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Ring-necked Duck


IUCN Conservation Status: Least Concern

The male Ring-necked Duck is a sharply marked bird of gleaming black, gray, and white. Females are rich brown with a delicate face pattern. At distance, look for this species’ distinctive, peaked head to help you identify it. Even though this species dives for its food, you can find it in shallow wetlands such as beaver swamps, ponds, and bays. Of all the diving duck species, the Ring-necked Duck is most likely to drop into small ponds during migration.

At a GlanceHelp

Both Sexes
15.4–18.1 in
39–46 cm
24.4–24.8 in
62–63 cm
17.3–32.1 oz
490–910 g
Relative Size
Smaller than a Mallard or Redhead; about the same size as Lesser Scaup.
Other Names
  • Morillon á collier (French)
  • Pato de collar (Spanish)

Cool Facts

  • This bird’s common name (and its scientific name "collaris," too) refer to the Ring-necked Duck's hard-to-see chestnut collar on its black neck. It’s not a good field mark to use for identifying the bird, but it jumped out to the nineteenth century biologists that described the species using dead specimens.
  • During fall migration, Ring-necked Ducks can form immense flocks. Several hundred thousand congregate each fall on certain lakes in Minnesota to feed on wild rice.
  • Ring-necked Ducks on their breeding grounds occasionally get attacked by the much larger Common Loon, the Red-necked Grebe, and even the much smaller Pied-billed Grebe.
  • The oldest known Ring-necked Duck was a male, and at least 20 years, 5 months old. He was banded in 1964 in Louisiana and was shot in 1983, in Minnesota.



Ring-necked Ducks breed in freshwater marshes and bogs across the boreal forest of northern North America. Although they’re diving ducks, they’re frequently seen in quite shallow waters (four feet deep or less), where patches of open water are fringed with aquatic or emergent vegetation such as sedges, lilies, and shrubs. They also use beaver ponds and other impoundments. On migration, Ring-necked Ducks stop to rest and feed on shallow lakes and impoundments with dense stands of cattails, bulrushes, and other emergent vegetation. They can form very large flocks on some lakes. During the winter, look for them in swamps, river floodplains, brackish portions of estuaries, shallow inland lakes, sloughs, marshes, reservoirs, and other managed freshwater impoundments.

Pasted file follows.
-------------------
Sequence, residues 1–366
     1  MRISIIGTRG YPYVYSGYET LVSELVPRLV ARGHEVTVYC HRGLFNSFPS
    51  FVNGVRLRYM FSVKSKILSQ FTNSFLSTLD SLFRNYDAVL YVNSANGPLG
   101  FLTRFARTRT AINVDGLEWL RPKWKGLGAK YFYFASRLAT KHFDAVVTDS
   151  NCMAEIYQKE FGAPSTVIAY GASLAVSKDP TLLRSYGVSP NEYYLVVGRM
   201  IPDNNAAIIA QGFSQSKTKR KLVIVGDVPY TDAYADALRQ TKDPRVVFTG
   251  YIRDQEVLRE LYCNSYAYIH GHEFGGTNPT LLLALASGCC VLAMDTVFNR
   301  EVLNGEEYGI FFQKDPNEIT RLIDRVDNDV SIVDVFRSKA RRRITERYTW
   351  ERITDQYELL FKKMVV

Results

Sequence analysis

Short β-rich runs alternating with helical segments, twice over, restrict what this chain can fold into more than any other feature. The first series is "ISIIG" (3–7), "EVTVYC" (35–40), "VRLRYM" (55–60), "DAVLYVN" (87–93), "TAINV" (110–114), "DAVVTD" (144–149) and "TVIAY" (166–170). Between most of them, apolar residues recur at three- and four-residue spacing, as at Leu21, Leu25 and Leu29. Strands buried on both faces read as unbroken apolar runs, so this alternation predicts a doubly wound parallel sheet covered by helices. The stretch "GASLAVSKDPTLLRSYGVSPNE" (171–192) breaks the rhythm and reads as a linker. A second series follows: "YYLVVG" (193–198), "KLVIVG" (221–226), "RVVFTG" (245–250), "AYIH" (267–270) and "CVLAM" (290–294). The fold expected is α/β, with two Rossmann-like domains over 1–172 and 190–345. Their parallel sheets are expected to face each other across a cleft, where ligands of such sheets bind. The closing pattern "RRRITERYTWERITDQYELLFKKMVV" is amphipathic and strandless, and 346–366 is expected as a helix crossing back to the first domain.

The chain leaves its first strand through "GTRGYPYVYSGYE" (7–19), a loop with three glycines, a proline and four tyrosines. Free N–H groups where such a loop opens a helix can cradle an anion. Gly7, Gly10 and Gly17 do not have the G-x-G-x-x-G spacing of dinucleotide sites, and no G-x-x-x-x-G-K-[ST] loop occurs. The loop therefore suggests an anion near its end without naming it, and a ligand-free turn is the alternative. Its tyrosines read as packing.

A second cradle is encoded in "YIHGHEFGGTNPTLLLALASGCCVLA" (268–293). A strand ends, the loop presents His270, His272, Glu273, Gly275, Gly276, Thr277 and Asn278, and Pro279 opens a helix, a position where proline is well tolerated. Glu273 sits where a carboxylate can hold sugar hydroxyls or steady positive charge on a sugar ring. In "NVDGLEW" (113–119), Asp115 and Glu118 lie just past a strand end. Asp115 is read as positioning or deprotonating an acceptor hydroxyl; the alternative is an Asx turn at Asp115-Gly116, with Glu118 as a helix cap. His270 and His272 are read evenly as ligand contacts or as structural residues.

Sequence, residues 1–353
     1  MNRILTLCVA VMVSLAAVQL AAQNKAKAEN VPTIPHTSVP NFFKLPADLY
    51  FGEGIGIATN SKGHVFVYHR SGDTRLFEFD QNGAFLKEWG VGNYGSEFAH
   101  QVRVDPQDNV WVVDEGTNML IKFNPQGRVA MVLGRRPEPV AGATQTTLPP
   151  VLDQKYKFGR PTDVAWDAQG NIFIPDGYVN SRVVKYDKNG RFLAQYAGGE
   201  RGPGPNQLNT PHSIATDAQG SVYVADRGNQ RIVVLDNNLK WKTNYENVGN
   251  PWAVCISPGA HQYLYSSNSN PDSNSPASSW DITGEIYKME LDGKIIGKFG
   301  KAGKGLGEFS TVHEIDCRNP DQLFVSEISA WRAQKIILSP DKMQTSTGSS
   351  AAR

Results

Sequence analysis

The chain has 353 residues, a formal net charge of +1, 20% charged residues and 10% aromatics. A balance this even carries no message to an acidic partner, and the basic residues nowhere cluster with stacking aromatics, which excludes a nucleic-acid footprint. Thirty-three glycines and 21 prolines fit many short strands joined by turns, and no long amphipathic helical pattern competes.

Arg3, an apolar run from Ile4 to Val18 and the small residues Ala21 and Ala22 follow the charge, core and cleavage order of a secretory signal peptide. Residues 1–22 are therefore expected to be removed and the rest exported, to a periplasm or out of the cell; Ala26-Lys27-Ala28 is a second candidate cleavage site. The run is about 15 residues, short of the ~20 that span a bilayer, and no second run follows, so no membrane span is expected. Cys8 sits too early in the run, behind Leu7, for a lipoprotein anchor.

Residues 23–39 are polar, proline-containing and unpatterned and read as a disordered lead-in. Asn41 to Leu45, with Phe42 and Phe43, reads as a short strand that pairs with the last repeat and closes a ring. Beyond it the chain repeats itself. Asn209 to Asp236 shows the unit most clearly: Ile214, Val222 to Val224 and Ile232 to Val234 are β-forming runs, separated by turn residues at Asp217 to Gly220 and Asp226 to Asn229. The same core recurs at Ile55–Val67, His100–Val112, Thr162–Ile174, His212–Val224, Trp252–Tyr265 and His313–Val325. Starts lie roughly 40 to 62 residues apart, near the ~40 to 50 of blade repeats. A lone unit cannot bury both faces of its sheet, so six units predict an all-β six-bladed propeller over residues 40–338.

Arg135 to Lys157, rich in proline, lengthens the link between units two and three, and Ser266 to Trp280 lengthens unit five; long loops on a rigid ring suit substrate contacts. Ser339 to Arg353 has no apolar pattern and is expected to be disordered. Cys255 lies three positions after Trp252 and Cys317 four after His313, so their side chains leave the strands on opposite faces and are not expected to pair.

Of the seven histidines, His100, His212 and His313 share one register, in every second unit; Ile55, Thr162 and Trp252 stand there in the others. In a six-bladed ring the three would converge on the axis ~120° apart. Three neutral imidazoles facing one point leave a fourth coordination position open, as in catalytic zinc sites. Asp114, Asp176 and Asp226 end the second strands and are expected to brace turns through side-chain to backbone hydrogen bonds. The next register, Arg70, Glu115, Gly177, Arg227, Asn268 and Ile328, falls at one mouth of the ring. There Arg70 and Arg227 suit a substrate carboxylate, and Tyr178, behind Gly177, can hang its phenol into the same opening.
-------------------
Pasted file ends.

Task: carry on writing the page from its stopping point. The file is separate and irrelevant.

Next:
Ring-necked Ducks eat submerged plants and aquatic invertebrates. The plants they eat include leaves, stems, seeds, and tubers of pondweed, water lilies, wild celery, wild rice, millet, sedges, and arrowhead. They also eat mollusks (swallowing them whole and crushing the shells in their gizzard) as well as snails, caddisflies, dragonfly nymphs, midges, earthworms, and leeches. Protein-rich animal food is important during the breeding season, when adults are raising their young. Adult females eat almost entirely animal food during the time they’re feeding young. Plant foods become much more important in the diet during fall migration.


Nesting Facts
Clutch Size
6–14 eggs
Number of Broods
1 broods
Egg Length
0.7–0.9 in
1.9–2.4 cm
Egg Width
0.6–0.7 in
1.4–1.7 cm
Incubation Period
25–29 days
Nestling Period
1–2 days
Condition at Hatching
Independent, with a fine coat of down; ducklings leave nest within 2 days of hatching.
Nest Description

Ring-necked Ducks don’t do much nest building until the female begins to lay eggs; at this time the nest is typically just a flimsy collection of bent-over plant stems. The female then makes a simple bowl out of sedges and other plants that she gathers from nearby the nest. She lines the nest with her own down feathers. The finished nest is up to 11 inches across, with a cup 2-4 inches deep. Nests are 1–10 inches above the water surface, and there’s usually a ramp built to help the incubating female get in and out of the nest.